Participants sharing their experiences during the Women Connecting through Art Therapy event.

Launched in May 2023, She Sparks Impact focuses on building organic connections to enrich the lives and careers of women by convening opportunities for them to engage in personal and professional development activities hosted and facilitated by local service-based female entrepreneurs. By working with these guest entrepreneurs to brainstorm and design their sessions, and then supporting them through the planning, promotion, and delivery of the events, Hadil is supporting female entrepreneurs in honing their skills, understanding their impact, and ensuring they receive the recognition they deserve. 

So far, She Sparks Impact has hosted 3 public events this summer and fall. Women Connecting through Art Therapy took place at the end of May at the RADIUS offices, and Women Connecting in the Jungle through Somatic Movement was held at the end of July in Stanley Park. On October 22, branding photographer and entrepreneur Ana Kliri facilitated the Female Entrepreneurs Connecting through Mobile Branding Photography Workshop. These events received rave reviews from attendees and have given Hadil amazing feedback to work with, giving her confidence and allowing her to continue developing her idea as she builds her brand — and her event roster! Future events will be released on Instagram @she.sparks.impact as Hadil builds her network of female entrepreneurs and explores topics recommended by session attendees. 

Participants from the Women Connecting in the Jungle through Somatic Movement event in Stanley Park.
Group learning at the Entrepreneurs Mobile Photography and Branding session.

Beginning this fall, She Sparks Impact is hosting a monthly book club, She Sparks Reading Connections, on the last Thursday of every month. As more connector events are developed, Hadil hopes women will join the fun, pick up a book, and make a commitment to connect with like-minded women.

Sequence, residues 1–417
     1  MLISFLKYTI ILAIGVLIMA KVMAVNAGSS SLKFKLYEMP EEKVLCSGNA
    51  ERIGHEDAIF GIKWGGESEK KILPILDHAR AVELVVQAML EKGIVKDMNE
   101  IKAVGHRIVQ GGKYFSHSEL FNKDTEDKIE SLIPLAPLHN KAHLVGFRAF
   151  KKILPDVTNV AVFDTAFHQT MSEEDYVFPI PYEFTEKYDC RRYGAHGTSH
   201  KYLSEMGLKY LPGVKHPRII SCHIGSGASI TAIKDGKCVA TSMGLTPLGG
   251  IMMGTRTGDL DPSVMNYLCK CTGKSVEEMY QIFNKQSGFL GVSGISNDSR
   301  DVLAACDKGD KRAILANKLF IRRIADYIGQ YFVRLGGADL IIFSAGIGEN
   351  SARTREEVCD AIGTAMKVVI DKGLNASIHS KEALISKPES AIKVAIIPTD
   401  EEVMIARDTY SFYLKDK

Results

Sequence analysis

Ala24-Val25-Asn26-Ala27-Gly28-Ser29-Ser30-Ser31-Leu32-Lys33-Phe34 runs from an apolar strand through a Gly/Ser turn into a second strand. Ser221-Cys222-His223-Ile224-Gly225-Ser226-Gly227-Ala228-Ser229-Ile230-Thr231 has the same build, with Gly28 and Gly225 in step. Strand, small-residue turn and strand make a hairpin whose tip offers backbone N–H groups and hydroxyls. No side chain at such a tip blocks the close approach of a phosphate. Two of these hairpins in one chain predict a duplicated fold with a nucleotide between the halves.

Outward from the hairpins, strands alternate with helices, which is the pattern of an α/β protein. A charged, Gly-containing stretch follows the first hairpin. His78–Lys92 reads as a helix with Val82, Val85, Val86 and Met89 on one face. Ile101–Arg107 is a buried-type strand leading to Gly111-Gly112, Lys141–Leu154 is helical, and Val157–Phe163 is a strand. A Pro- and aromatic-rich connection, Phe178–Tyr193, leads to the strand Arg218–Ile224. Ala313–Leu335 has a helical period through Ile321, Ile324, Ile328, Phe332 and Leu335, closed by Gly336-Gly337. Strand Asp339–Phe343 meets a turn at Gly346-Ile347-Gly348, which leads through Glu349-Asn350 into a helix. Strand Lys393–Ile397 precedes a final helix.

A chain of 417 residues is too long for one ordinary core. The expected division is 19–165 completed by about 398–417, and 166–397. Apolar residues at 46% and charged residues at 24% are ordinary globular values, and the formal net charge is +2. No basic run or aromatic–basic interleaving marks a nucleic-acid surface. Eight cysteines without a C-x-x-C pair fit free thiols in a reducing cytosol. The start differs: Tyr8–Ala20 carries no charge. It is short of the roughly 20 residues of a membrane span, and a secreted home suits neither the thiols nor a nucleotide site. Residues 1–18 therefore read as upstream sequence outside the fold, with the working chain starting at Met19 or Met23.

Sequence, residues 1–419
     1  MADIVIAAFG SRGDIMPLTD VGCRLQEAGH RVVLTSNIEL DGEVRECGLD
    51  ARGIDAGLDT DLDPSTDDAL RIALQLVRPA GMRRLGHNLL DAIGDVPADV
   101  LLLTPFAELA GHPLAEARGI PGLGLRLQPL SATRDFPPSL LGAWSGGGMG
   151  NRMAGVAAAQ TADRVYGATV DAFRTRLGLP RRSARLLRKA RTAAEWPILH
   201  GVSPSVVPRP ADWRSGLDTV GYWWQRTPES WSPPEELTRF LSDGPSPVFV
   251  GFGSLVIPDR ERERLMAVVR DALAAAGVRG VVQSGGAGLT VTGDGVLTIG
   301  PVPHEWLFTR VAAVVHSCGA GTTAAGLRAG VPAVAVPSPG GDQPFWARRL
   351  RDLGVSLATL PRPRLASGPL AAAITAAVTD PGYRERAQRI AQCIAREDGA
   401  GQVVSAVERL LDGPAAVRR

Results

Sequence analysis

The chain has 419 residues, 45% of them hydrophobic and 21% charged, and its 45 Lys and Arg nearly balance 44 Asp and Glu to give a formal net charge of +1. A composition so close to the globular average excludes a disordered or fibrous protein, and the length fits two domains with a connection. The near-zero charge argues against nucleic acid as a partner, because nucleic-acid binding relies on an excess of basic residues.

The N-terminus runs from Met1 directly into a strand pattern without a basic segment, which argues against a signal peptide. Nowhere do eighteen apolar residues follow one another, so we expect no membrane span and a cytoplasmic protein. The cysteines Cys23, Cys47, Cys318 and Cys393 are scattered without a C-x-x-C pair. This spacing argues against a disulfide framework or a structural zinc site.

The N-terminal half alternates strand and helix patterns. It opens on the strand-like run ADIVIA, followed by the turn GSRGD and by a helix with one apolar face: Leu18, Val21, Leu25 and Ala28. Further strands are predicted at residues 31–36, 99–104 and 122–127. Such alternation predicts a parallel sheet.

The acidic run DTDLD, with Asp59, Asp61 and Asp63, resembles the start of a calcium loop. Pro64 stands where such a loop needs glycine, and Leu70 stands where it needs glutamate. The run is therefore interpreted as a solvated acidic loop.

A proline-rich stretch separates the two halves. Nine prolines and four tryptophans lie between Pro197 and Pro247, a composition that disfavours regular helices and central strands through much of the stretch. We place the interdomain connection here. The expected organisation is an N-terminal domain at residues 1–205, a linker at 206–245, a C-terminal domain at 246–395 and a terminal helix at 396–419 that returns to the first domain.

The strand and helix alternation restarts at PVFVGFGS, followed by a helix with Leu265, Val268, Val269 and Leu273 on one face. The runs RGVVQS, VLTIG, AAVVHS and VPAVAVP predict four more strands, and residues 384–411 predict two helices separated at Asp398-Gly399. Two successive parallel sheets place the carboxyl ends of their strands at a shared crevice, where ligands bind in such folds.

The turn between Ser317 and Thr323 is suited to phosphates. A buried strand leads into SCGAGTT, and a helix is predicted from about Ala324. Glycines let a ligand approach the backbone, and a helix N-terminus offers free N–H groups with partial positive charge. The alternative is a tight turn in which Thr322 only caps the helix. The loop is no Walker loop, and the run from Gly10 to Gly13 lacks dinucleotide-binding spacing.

When asked where she would like to take the initiative next, Hadil smiles and shares that she’s really excited to make She Sparks Impact events as inclusive as possible. “I am trying to think about how I could support more underrepresented people through this process, and at the same time, make sure that we’re being inclusive and as beneficial as possible,” she says, “so I’m really hoping to promote and amplify entrepreneurs, trainers, and presenters who are mostly immigrants and hopefully newcomers that have specific skills they can share with a broad group of women who attend the events.” Reflecting on the work ahead of her, Hadil shares that she will know She Sparks Impact is, well, sparking impact, when she “sees meaningful personal and professional connections built amongst the community of women attending and facilitating the events.” She imagines expanding the reach of She Sparks Impact across Canada to create impact at scale through these connections and to empower a broad network of women. “I believe that together,” she says, “we can spark change, one connection at a time.”

Building connections through reading during one of the She Sparks Reading Connections meetings.

If you want to follow She Sparks Impact, participate in events, or help support this new initiative, connect with Hadil on Instagram at @she.sparks.impact or by email at

The Refugee Livelihood Lab is part of a growing movement supporting deep shifts in the systems which govern our lives towards equity, dignity, and sustainability for all people and the planet. 

Thank you to our funders Ministry of Social Development and Poverty Reduction, and WES Mariam Assefa Fund (MAF).